Is Your Baby Getting Enough Sleep?

Is Your Baby Getting Enough Sleep?

You’d do anything for your baby when it comes to sleep. Pull an all-nighter when a cold strikes, navigate your way to the crib in total darkness, dress in matching pastel footed pajamas (okay, that one might be just for you).

But how can you tell if your efforts are working and your baby is actually getting enough sleep? We asked Dr. Haviva Veler, director of the Weill Cornell Pediatric Sleep Center, for advice. After all, she’s seen it all when it comes to sleep, from infant behavioral insomnia – i.e. the lack of sleep due to poor sleep habits – to teenagers unable to fall asleep without their parents in the room.

With Dr. Veler’s help, we put together this little cheat sheet for deciphering baby’s sleep.

What a well-rested baby will look like:

  • Happy
  • Active
  • Able to interact and engage in daytime activities
  • Sleeps through the night
  • Maintains regular naps
  • Meets developmental milestones

Signs of sleepiness or overtiredness:

  • Eye-rubbing
  • Heavy or red eyes
  • Ear tugging
  • Head nodding
  • Increased daytime sleepiness
  • Inability to sleep through the night
  • Crankiness
  • Yawning
  • Crying
  • Fussiness
  • Hyperactivity
  • Lack of concentration

How much sleep baby needs: Take a look at our sleep recommendations to determine how many hours of sleep baby should get during the day and night.

Common sleep disruptors:

  • Separation anxiety
  • Travel
  • Developmental changes and new motor skills, like crawling or teething
  • Colds or illness
  • Acid reflux
  • Sleep apnea
  • Change of sleep environment
  • Behavioral insomnia
  • In toddlers and older kids: Nightmares, night terrors, sleep walking, sleep talking and an unwillingness to go to bed

What to do about…

  • Colds: Let your child get as much sleep as needed, even if it throws their sleep routine out of whack. Get back on track once the cold is gone.
  • Travel and time zone changes: Travel is a notorious sleep disruptor. Check out our tips for handling baby’s sleep while on the go here.
  • Snoring, gasping or choking during sleep: Consult a doctor right away. Sleep apnea occurs in 2 to 5% of infants and is a serious medical condition.
  • Behavioral insomnia: It’s a common sleep issue that occurs in 25 to 30% of children between 1 to 3 years of age and can start as early as 3 months. You can address behavioral insomnia with sleep training and a consistent bedtime schedule. Find out how to easily set up a sleep routine for baby here.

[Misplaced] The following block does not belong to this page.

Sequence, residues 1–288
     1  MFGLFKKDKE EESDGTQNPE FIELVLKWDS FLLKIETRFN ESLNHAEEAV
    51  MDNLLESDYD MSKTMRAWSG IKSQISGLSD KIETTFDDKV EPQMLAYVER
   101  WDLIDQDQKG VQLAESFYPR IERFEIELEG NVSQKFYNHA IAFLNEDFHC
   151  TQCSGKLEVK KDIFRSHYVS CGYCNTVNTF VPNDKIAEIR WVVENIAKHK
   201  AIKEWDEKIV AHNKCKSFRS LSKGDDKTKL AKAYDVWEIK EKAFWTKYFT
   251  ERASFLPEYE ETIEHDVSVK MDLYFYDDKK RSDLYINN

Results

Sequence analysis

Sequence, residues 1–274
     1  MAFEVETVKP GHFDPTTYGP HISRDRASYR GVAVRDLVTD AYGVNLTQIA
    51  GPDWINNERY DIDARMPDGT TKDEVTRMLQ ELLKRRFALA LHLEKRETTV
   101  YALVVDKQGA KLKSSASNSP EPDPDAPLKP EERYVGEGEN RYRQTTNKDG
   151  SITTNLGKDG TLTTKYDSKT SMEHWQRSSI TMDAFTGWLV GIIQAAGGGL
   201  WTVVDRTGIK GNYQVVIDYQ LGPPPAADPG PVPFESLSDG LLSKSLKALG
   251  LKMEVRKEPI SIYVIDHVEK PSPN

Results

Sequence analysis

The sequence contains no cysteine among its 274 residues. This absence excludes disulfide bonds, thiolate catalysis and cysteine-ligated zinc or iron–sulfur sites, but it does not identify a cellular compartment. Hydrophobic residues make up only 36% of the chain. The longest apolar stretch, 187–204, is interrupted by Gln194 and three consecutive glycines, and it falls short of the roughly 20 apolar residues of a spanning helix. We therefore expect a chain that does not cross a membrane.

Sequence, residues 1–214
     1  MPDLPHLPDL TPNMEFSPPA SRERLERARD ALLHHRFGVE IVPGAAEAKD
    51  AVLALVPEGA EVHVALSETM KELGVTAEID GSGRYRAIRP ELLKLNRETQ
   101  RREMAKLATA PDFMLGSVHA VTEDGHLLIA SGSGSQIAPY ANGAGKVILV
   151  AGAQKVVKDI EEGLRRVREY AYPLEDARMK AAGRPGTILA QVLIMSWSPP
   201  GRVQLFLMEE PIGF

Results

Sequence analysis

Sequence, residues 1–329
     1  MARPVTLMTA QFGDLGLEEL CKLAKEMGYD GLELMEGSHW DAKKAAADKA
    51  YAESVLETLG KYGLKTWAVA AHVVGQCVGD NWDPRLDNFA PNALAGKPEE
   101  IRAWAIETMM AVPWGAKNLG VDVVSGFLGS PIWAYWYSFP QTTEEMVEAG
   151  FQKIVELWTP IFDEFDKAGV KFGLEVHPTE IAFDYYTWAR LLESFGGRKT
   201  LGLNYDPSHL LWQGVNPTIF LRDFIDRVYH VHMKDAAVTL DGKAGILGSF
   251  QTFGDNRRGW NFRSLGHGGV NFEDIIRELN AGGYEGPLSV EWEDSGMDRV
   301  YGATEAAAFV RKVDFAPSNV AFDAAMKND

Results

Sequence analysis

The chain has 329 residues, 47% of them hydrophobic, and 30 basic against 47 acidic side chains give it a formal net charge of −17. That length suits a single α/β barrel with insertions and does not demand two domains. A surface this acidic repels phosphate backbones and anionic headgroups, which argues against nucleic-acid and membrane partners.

When to call the pediatrician:

In addition to snoring, signs of a possible medical issue include over-sleeping, inability to gain weight, failure to thrive or meet developmental milestones, sudden change in sleep habits (including bed wetting or night terrors in older children) and abnormal sleep positions.

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Our primary objective is to furnish readers with the most current, trustworthy, and actionable information concerning a host of parenting topics. We strive to empower our readers to make informed decisions by offering comprehensive and respected insights.

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Natalie Barnett, PhD serves as VP of Clinical Research at Nanit. Natalie initiated sleep research collaborations at Nanit and in her current role, Natalie oversees collaborations with researchers at hospitals and universities around the world who use the Nanit camera to better understand pediatric sleep and leads the internal sleep and development research programs at Nanit. Natalie holds a Ph.D. in Genetics from the University of New England in Australia and a Postgraduate Certificate in Pediatric Sleep Science from the University of Western Australia. Natalie was an Assistant Professor in the Neurogenetics Unit at NYU School of Medicine prior to joining Nanit. Natalie is also the voice of Nanit's science-backed, personalized sleep tips delivered to users throughout their baby's first few years.

Kristy Ojala is Nanit’s Digital Content Director. She spends way too much time looking at maps and weather forecasts and pictures of Devon Rex cats and no-cook dinners. A former sleep champion, she strives to share trustworthy somnabulism tips with other parents—praying for that one fine day when no tiny humans wake her up while it’s still dark out. Her kids highly recommend 3 books, approximately 600 stuffies, Chopin’s “Nocturnes,” and the Nanit Sound + Light for bedtime success.

Mackenzie Sangster is on the Brand and Community team at Nanit. She supports content development and editing for Nanit’s Parent Confidently blog as well as other marketing initiatives. Outside of work, she enjoys spending time with her friends, cooking, being active, and using the Pro + Flex Duo to keep an eye on her fur-baby, Poppy!

Holly Hays is a contributor and writer for Nanit, channeling her years as a mama and former magazine editor to create fun, useful content for fellow busy, trying-to-do-their-best parents and caregivers. Holly has written for a wide range of brands and media outlets (Ergobaby, HGTV, Manhattan Toy Company, OXO), loves to cook and read mystery novels, and leans heavily on her two daughters to keep her up to date on all the latest slang.